Fife Council have contracted Phenix Energy as their agents for developing their ambitious plans for placing turbines in Parks and Schools throughout Fife, with the taxpayer footing the bill for the planning and construction costs, and the cost of subsidies for the turbines, added to our household energy bills, a stealth tax which will affect the fuel poor the hardest.
Currently, Phenix Energy, is a newly established company, first formed in January 2013, but the company has previous experience in the wind energy industry; mainly running Proven Energy, a company that went into administration after a serious fault developed with its flagship turbine model (P35-2), which required the company to inform owners of the turbine to temporary cease using the turbines.
One of the Proven turbines were installed at the Gorran school in Cornwall, which the Daily Mail reported;
The school had unveiled its 15-metre turbine in 2008. It was designed to provide it with free energy and a surplus it was hoped could be sold back to the National Grid. But soon after being installed the wind turbine became faulty and after a few months jammed – showering the school’s playing field with debris. (our bold for emphasis)
Sue Hawken, chairman of the school governors, said: ‘It has been an absolute nightmare from start to finish. We’ve put a claim in but realistically I don’t expect to get a single penny from this company. Unbeknown to us, the 15 kilowatt turbine that Proven Energy installed was completely unproven technology that never really worked.’
This experiment by the school, cost the tax payer £55,000 for the wind turbine which was only 15 metre in height, which gives an indication of the costs the tax payer will have to face when Fife Council start purchasing the turbines they are hoping to erect across Fife, including at the Lochgelly High School and Lochgelly Public Park.
Lochgelly High School – Turbine Location
Turbine Height: 34.6m (113.6 ft)
Do you support a turbine at Lochgelly High School?
- No (84%, 412 Votes)
- Yes (16%, 81 Votes)
Total Voters: 493
Lochgelly Public Park – Turbine Location
Turbine Height: 26.55m (87.1 ft)
Do you support a turbine at the Public Park?
- No (87%, 497 Votes)
- Yes (13%, 72 Votes)
Total Voters: 569
Criticism from National Organisation
The scoping applications submitted by Phenix Energy on behalf of Fife Council has already received sharp criticism from Scotland Against Spin spokesperson, Linda Holt;
The twenty-five scoping applications Phenix has submitted to Fife Council are sloppy, lacking in local knowledge and brazenly opportunistic. When one concerned resident wrote to Phenix to ask why an application for a supposed single 45m turbine at Craigtoun Park actually showed two turbine sites, managing director Steven Barclay replied that the map on the portal “is currently only for discussion purposes” and part of “discussions with planning”. Discussions with “statutory stake-holders and also the people within the wider locale” will not take place until the discussions with planning are concluded and Fife Council will not accept comments from members of the public.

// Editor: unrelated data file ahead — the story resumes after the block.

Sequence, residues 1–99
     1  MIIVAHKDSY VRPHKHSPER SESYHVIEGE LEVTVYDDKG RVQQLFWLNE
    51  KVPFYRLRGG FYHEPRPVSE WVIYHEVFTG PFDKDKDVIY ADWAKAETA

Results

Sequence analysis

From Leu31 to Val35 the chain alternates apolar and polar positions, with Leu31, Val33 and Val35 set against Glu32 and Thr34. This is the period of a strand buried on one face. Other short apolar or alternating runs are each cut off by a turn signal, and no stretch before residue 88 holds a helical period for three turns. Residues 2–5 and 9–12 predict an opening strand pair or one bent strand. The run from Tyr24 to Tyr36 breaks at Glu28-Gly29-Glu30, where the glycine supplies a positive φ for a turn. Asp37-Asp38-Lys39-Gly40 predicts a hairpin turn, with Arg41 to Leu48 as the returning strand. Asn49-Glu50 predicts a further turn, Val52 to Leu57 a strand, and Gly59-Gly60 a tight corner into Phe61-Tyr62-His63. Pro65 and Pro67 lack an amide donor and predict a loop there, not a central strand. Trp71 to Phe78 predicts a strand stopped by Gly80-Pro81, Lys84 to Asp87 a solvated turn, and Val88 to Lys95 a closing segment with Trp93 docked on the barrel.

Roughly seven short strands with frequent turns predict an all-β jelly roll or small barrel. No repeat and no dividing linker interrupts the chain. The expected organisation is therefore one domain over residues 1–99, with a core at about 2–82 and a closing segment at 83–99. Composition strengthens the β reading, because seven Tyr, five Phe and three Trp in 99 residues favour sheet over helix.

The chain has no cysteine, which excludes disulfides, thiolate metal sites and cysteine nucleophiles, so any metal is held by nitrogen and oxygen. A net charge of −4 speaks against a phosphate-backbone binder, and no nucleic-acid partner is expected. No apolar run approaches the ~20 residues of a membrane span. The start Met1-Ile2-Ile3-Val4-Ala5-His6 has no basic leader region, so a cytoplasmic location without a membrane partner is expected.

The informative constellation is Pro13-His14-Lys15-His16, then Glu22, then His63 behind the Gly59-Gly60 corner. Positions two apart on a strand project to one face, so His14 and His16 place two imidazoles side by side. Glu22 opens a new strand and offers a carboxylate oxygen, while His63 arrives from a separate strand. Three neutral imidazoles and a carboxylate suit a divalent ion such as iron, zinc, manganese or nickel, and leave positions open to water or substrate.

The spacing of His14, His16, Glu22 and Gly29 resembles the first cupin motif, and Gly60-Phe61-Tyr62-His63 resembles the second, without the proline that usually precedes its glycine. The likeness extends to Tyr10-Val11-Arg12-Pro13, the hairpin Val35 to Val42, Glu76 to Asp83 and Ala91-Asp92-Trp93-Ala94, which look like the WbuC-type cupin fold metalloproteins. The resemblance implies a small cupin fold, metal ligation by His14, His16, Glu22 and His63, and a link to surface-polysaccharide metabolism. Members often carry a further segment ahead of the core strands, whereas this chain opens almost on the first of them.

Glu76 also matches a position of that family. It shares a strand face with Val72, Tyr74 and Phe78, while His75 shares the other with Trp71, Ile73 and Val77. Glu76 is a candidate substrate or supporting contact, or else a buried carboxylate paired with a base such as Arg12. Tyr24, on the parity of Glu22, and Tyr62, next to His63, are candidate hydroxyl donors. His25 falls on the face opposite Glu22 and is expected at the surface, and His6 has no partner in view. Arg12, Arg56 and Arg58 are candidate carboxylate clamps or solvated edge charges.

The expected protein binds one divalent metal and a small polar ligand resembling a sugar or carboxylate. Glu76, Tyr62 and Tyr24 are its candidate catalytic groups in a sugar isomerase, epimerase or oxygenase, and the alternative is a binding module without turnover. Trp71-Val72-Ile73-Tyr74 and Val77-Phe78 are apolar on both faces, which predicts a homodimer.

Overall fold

This is not how reputable developers behave, and it is at odds with Scottish Government guidelines on good practice for wind developers. Why is Phenix Energy spending thousands of pounds on scoping applications to find out whether projects are viable when it could just meet planners for nothing? Why has it completely ignored local communities or those who use the Council facilities – schools, parks, sports fields – it has earmarked for turbines?
This looks like a rotten deal for Fife Council and Fife communities. We would like to know how much due diligence was done by Fife Council before awarding this company the contract, and how much Council Taxpayers’ money is going to Phenix Energy to fund its fishing expedition
Scotland Against Spin has submitted a Freedom of Information request regarding the costs to the taxpayer. If it is made public, we will publish the details on the site.
So what do you think? Should taxpayers money be spent by the council to install turbines? Are we getting value for money? Is this an innovative project by the council or is it a misappropriate use of tax payers money? Whatever your views, please let us know in the comments below.